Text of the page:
UPDATE: Scientific American has posted a nice article about this topic on their website this afternoon. Check it out!
Anyone on a budget is familiar with the mental math that precedes any purchasing decision: Is that brand-name paper towel really worth its premium cost? Is it better to buy the large pack of batteries, or only the four that you need right now? If you buy in bulk, how much are you actually saving per item?
Health economists do something similar on a much larger scale as they attempt to calculate what medical interventions are worth. Does a particular surgery, on average, pay for itself in terms of years or quality of life gained? This type of analysis is called incremental cost-effectiveness ratio, and it can be quite useful in figuring out "the big picture" of health-care costs.
The problem, explain Stanford researchers John Ioannidis, MD, DSc, chief of the Stanford Prevention Research Center, and Alan Garber, MD, PhD, in today's issue of PLoS Medicine is that none of us are exactly average.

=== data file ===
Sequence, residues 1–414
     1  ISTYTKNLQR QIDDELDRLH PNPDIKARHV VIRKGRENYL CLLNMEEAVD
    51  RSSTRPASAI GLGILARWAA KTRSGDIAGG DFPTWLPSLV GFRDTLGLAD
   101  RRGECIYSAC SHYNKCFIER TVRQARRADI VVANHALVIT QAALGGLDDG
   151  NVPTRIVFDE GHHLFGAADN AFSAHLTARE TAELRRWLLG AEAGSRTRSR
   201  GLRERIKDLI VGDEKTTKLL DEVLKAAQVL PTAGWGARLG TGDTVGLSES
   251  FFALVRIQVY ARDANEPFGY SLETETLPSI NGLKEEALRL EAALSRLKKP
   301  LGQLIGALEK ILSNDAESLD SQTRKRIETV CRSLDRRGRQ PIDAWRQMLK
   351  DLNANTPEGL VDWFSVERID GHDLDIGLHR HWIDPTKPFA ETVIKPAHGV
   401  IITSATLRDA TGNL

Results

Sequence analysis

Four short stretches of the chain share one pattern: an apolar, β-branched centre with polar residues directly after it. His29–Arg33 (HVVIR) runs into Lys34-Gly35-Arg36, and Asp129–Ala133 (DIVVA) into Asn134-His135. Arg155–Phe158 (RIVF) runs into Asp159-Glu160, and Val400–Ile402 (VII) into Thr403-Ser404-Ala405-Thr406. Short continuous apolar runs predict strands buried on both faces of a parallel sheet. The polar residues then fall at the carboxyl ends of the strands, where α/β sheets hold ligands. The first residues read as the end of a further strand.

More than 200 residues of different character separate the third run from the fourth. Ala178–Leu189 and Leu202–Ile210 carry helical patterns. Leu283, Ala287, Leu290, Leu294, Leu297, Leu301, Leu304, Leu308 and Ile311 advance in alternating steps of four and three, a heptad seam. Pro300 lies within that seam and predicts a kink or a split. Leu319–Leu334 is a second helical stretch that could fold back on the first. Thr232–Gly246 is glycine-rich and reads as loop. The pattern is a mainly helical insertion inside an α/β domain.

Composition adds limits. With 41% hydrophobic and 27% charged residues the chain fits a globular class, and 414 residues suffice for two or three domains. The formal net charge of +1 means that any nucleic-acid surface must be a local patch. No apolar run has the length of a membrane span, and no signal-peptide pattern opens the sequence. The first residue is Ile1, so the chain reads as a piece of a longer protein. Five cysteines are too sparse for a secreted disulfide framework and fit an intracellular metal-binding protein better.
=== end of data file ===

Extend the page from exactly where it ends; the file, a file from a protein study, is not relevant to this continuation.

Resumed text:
As described in our release:
According to Ioannidis and Garber, the power of the ICER analysis - that of using large groups of patients to assess the overall effectiveness of particular treatments -- can also make it difficult to apply the outcomes to individual patients. Some people are more risk-adverse than others, for example, making them more likely to shy away from possibly effective medications that bear a small, but not inconsequential, risk of severe side effects. Others with life-limiting conditions may place greater value on a treatment that is likely to keep them alive for a particular event, such as a wedding or a graduation, regardless of the financial cost or side effects.
Incorporating each patient's personal concerns and health status into the standard cost-effectiveness analysis of various treatment options may be the best option for physicians and patients, the researchers conclude.